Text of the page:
June set another satellite-era record low for average sea ice extent, despite slower than average rates of ice loss. The slow rate of ice loss reflects the prevailing atmospheric pattern, with low pressure centered over the central Arctic Ocean and lower than average temperatures over the Beaufort Sea.
Overview of conditions
Arctic sea ice extent during June 2016 averaged 10.60 million square kilometers (4.09 million square miles), the lowest in the satellite record for the month. So far, March is the only month in 2016 that has not set a new record low for Arctic-wide sea ice extent (March 2016 was second lowest, just above 2015). June extent was 260,000 square kilometers (100,000 square miles) below the previous record set in 2010, and 1.36 million square kilometers (525,000 square miles) below the 1981 to 2010 long-term average.
Sea ice extent remains below average in the Kara and Barents seas, as it has throughout the winter and spring. Despite lower than average temperatures over the Beaufort Sea, sea ice extent there remains below average, and was the second lowest extent for the month of June during the satellite data record.
Conditions in context
The average rate of ice loss during June 2016 was 56,900 square kilometers (22,000 square miles) per day, but was marked by two distinct regimes. First, there was a period of slow loss during June 4 to 14 of only 37,000 square kilometers (14,000 square miles) per day. This was followed by above average rates (74,000 square kilometers, or 29,000 square miles) for the rest of the month. For the month as a whole, the rate of loss was close to average (53,600 square kilometers per day). The slow ice loss during early June was a result of a significant change in the atmospheric circulation. May was characterized by high surface pressure over the Arctic Ocean, a basic pattern that has held since the beginning of the year. However, June saw a marked shift to low pressure over the central Arctic Ocean. This type of pattern is known to inhibit ice loss. A low pressure pattern is associated with more cloud cover, limiting the input of solar energy to the surface, as well as generally below average air temperatures. However, in June 2016, it was only in the Beaufort Sea where air temperatures at the 925 hPa level were distinctly below average (about 2 degrees Celsius below average, or 4 degrees Fahrenheit). The change in circulation also shifted the pattern of ice motion. In general, winds associated with such a low pressure pattern will tend to spread the ice out (that is, cause the ice to diverge).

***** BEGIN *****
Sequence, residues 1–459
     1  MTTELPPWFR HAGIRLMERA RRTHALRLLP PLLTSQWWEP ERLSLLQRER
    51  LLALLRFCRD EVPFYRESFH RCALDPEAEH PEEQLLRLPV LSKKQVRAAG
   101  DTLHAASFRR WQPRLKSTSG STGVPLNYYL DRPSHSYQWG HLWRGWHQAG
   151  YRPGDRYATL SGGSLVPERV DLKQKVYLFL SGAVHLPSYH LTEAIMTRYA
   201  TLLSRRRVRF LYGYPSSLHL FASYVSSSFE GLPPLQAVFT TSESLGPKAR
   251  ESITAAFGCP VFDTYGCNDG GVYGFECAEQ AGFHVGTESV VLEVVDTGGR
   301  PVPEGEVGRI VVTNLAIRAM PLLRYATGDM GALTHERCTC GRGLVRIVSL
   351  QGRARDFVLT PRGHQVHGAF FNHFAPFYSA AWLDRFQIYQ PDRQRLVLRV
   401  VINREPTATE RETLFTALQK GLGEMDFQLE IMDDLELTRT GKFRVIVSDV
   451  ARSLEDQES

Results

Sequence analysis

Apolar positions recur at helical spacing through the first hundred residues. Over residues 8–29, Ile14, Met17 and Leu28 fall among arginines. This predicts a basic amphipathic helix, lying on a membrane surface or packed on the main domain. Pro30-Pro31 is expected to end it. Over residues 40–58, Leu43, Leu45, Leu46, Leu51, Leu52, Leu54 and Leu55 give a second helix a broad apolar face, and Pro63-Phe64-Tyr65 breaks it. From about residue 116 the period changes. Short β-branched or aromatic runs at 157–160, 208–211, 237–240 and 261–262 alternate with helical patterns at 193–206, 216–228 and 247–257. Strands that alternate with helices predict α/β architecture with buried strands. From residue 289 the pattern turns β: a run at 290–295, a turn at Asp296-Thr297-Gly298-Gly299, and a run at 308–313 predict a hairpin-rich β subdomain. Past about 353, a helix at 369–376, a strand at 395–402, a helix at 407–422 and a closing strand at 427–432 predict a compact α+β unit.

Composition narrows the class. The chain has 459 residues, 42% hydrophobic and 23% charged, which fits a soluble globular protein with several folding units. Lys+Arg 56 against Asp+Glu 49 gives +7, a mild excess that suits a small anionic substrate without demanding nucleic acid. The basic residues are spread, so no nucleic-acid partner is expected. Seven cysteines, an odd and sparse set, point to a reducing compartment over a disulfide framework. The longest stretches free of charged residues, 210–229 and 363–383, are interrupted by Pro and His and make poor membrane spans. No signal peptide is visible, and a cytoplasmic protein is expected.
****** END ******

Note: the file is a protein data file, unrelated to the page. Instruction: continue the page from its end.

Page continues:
June 2016 compared to previous years
Through 2016, the rate of decline for the month of June is 44,600 square kilometers (17,200 square miles) per year, or 3.7 percent per decade. June extent remained below 2012 levels throughout the month, but it was above the 2010 extent for several days. 2010 had the lowest extent for several days during June.
View from above
The Moderate Resolution Imaging Spectroradiometer (MODIS) instruments on the NASA Aqua and Terra satellites provide multiple views each day of the Arctic, and in summer the entire region is sunlit. Two mosaics for June 9 and June 28 show the seasonal progression in surface melting and darkening of the sea ice; the blue-green areas where surface ponding is present; and the movement of large sea ice floes in the Beaufort Sea. On June 9, the ponds are most evident in the Laptev Sea off the coast of Siberia; on June 28, the ponds are most evident in the Canadian Archipelago.
A quick look at sea ice thickness fields
Results from NASA’s Operation IceBridge aircraft missions conducted during late April and early May indicate that ice thicknesses from the Alaskan coast of the Beaufort Sea up to the North Pole were generally in the 2 to 3 meter range (7 to 10 feet), indicative of multiyear ice. However, substantial variations were found along the flight transects with several locations showing an ice thickness of 1.5 meters (5 feet) or less, indicative of first-year ice, while in other locations thicknesses were over 5 meters (16 feet), corresponding to either fairly thick multiyear ice or ridged first-year ice. This substantial variation is representative of a broken up and variegated ice pack with thick multiyear floes interspersed with thinner first-year ice.